Thursday, June 26, 2015, will be remembered as an historic day for the United States of America. By a slim margin of votes, 5 to 4 to be precise, the country has joined the ranks of 20 other nations who have already embraced the legalization of same-sex marriage. The ruling guarantees that the Constitution of the United States provides the right to same-sex marriage for all.
The much anticipated change in our law is due in part to Justice Anthony M. Kennedy, who wrote the decision and voted for its passage, increasing the vote to a majority. He wrote that marriage is a “keystone of our social order,” and that the ruling finds that gay individuals now have “equal dignity in the eyes of the law.”
The Supreme Court’s other four liberal minded judges, Justices Ruth Bader Ginsburg, Stephen G. Breyer, Sonia Sotomayor and Elena Kagan all voted in favor of the law and joined Justice Kennedy’s majority opinion.
The four additional judges on the court who opposed the law each wrote a dissent, criticizing and scrutinizing the law. Chief Justice of the Supreme Court, John G. Roberts Jr. in his dissent wrote that the Constitution of the United States did not have anything to say on the topic of gay marriage.
In his scathing dissent he wrote, “The court invalidated the marriage laws of more than half the states and orders the transformation of a social institution that has formed the basis of human society for millennia . . . Just who we think we are?” He further went on to say that “people of faith can take no comfort in the treatment they receive from the majority today” implying that the supporters of same-sex marriages are considered by him to be faithless.
Judge Antonin Scalia, in a second and bitter dissent criticized Justice Kennedy’s language as “pretentious as its content” and “profoundly incoherent.” His dissent directly called the ruling a “threat to American democracy.”
Despite the negativity, celebrations ensued across the country from New York to Washington to Miami and California, as the law was announced. People took to the streets with flags and tears, chanting the catchy phrase “Love Wins!”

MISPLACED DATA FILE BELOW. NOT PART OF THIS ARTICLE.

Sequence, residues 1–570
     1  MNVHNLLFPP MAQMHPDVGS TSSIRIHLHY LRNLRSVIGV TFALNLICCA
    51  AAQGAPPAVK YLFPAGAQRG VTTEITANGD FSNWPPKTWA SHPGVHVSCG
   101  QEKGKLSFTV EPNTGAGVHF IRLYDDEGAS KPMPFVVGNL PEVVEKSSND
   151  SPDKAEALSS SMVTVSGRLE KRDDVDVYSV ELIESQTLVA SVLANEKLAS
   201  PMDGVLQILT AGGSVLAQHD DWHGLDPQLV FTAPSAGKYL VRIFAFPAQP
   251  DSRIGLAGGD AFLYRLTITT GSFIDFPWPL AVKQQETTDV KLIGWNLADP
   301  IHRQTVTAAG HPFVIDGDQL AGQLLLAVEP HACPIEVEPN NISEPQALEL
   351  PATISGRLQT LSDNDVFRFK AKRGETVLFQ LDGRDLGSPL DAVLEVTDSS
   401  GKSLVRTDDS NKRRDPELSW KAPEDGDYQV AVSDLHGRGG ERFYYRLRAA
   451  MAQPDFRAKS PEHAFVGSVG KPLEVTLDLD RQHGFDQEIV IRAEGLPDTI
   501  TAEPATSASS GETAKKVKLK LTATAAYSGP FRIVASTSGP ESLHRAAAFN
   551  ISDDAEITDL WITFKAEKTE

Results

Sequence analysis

The lead plaintiff from Ohio, Jim Obergefell spoke to the nation, through his tears of joy. Holding a photo of his husband and partner for 20 years, John Arthur, who died in 2013, he said “This is for you John.” Shortly after the ruling, Mr. Obergefell and was personally called on his cell phone by President Barak Obama. While the nation listened to his words of congratulations, the President told Mr. Obergefell that his leadership has “changed the country.”
Later, President Obama spoke from the rose Garden. His words affirmed the significance of the law. He stated, “Today we can say, in no uncertain terms, that we have made our union a little more perfect.”
To millions of gay, lesbian and trans-gendered people this law validates their equality as well as proving that the United States refuses to allow discrimination of any kind.
For the countless number of immigrants in the United States, this ruling will result in the United States Citizenship and Immigration Services recognizing same-sex marriage from all of the States and thus citizen partners of undocumented immigrants do not have to travel to certain states to legitimize their marriage.